eSoil is based on the blend of the conjugated polymer PEDOT:PSS (poly(3,4-ethylenedioxythiophene):polystyrene sulfonate) and carboxymethyated cellulose nanofibrils and is fabricated using the ice templating technique (Fig. 1 AC). PEDOT:PSS is a p-type doped OMIEC while nanocellulose is used as the main structural component and to enhance the mechanical properties of the scaffold (28, 29). PEDOT:PSS-NFC solution with carbon fiber bundles, which were added to act as the addressing electrodes of the scaffold, was frozen at −20 °C for 24 h in plastic molds. Ice crystals that are formed in areas between the solutes are then removed via sublimation in a lyophilizer resulting in a porous 3D scaffold (SI Appendix, Fig. S1). To improve the water stability of the scaffold, we added in the solution the cross-linker GOPS (glycidoxypropyl trimethoxysilane) whose epoxy groups react with the hydroxyl groups present in PSS and NFC after thermal annealing of the scaffold (30). The amount of the cross-linker can also affect the porosity of the scaffold and its mechanical properties as we have previously demonstrated (31). To increase the electronic conductivity, the scaffold was treated with DMSO vapor that acts as secondary dopant (SI Appendix, Fig. S2). It was shown that the DMSO treatment changes the transport mechanism in PEDOT going from hopping mechanism to temperature-independent transport (28). So far, the demonstration of PEDOT and PEDOT-NFC scaffolds has been limited to the sub-cm scale. Here, we developed a scaffold in cm scale in order to be suitable to accommodate the growth of the root system.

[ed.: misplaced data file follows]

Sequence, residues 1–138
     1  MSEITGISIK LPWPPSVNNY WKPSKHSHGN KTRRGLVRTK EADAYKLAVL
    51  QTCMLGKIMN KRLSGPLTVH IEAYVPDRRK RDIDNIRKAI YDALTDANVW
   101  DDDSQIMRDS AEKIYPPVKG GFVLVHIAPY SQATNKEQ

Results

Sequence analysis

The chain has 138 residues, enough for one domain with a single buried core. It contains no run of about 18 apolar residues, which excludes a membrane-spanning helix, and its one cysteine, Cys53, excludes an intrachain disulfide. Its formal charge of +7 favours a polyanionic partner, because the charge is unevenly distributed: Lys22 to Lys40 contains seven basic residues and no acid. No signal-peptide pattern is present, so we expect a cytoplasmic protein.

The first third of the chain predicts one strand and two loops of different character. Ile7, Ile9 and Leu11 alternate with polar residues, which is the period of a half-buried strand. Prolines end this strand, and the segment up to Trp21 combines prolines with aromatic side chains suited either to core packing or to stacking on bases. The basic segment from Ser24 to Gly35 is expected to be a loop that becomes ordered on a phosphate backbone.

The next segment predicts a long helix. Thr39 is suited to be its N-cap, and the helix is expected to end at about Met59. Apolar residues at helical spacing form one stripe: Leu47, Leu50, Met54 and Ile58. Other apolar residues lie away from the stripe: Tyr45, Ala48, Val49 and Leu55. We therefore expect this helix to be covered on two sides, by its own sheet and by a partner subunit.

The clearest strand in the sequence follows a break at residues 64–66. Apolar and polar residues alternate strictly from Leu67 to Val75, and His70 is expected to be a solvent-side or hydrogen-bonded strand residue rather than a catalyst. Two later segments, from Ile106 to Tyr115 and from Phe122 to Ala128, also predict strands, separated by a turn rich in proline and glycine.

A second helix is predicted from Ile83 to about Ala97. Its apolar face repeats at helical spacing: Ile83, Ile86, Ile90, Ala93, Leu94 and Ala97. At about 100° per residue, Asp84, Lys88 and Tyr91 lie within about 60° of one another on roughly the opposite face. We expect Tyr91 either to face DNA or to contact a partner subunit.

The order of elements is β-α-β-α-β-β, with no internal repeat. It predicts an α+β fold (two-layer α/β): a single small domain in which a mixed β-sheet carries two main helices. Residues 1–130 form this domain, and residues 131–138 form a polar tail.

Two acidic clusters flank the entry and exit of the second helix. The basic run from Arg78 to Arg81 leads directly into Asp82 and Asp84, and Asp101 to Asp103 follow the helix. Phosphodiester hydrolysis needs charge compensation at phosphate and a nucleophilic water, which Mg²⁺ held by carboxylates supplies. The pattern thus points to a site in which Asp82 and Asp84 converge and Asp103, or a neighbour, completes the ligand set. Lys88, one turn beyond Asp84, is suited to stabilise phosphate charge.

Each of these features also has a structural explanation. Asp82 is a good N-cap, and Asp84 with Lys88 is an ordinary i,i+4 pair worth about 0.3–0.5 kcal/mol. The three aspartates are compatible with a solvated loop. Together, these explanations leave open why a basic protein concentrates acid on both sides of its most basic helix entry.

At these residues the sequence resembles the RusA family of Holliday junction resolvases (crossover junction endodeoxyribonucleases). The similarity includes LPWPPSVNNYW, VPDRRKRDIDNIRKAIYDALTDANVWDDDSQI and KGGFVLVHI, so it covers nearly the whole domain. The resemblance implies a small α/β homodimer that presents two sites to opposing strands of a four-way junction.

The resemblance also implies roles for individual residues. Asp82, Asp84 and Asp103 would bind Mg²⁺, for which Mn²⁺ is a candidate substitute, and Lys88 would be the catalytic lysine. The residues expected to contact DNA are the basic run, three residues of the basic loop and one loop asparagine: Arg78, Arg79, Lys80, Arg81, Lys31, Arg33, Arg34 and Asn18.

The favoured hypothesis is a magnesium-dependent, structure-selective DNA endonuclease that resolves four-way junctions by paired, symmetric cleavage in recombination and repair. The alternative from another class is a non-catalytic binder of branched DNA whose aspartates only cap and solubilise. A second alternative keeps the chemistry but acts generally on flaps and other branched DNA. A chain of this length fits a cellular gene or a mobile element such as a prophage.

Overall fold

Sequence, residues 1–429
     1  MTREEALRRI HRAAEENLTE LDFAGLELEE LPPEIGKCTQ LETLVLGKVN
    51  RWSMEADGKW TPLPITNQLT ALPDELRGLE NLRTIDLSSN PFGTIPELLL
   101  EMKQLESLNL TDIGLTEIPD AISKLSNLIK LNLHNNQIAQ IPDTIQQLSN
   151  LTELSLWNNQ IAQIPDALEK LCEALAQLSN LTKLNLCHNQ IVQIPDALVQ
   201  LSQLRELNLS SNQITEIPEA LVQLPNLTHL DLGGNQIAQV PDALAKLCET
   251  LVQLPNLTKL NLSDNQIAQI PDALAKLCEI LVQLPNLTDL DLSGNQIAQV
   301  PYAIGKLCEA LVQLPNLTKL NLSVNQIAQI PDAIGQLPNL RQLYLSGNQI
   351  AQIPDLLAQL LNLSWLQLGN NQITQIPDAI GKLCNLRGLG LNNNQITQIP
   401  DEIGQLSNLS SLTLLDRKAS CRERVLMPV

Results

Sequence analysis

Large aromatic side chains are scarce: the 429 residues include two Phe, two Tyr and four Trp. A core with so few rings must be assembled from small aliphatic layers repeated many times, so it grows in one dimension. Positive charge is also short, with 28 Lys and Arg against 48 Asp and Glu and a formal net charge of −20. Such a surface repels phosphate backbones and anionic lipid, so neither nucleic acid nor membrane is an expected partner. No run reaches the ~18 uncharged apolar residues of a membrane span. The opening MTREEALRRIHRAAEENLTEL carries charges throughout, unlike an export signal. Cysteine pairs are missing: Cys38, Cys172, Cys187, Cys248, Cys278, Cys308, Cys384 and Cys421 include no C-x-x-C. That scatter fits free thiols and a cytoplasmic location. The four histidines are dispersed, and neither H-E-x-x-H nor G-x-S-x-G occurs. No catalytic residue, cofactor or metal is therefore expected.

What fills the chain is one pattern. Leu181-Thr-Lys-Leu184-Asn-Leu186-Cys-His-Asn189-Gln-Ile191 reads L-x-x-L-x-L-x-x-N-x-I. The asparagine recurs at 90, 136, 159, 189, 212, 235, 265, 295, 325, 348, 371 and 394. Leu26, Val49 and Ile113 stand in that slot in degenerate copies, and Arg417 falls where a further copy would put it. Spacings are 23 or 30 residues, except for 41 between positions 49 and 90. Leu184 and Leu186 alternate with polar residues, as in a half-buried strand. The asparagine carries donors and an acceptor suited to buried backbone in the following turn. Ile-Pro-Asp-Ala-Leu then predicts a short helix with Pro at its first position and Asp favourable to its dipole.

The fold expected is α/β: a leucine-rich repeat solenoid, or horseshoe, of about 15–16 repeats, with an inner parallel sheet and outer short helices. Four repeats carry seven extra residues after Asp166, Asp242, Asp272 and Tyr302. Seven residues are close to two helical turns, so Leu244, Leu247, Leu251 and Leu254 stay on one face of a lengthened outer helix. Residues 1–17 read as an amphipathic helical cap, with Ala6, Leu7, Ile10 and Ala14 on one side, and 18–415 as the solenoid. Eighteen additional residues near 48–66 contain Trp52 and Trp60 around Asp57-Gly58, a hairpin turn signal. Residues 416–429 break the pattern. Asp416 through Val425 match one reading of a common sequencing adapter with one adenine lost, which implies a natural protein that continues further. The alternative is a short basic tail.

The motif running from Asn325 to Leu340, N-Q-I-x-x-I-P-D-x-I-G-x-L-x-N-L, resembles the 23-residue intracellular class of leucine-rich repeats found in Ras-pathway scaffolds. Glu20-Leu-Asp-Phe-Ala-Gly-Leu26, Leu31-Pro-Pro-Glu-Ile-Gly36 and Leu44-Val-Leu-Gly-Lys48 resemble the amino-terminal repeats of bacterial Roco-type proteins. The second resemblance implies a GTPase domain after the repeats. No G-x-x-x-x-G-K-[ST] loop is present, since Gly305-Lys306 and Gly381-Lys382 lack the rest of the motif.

Fig. 1.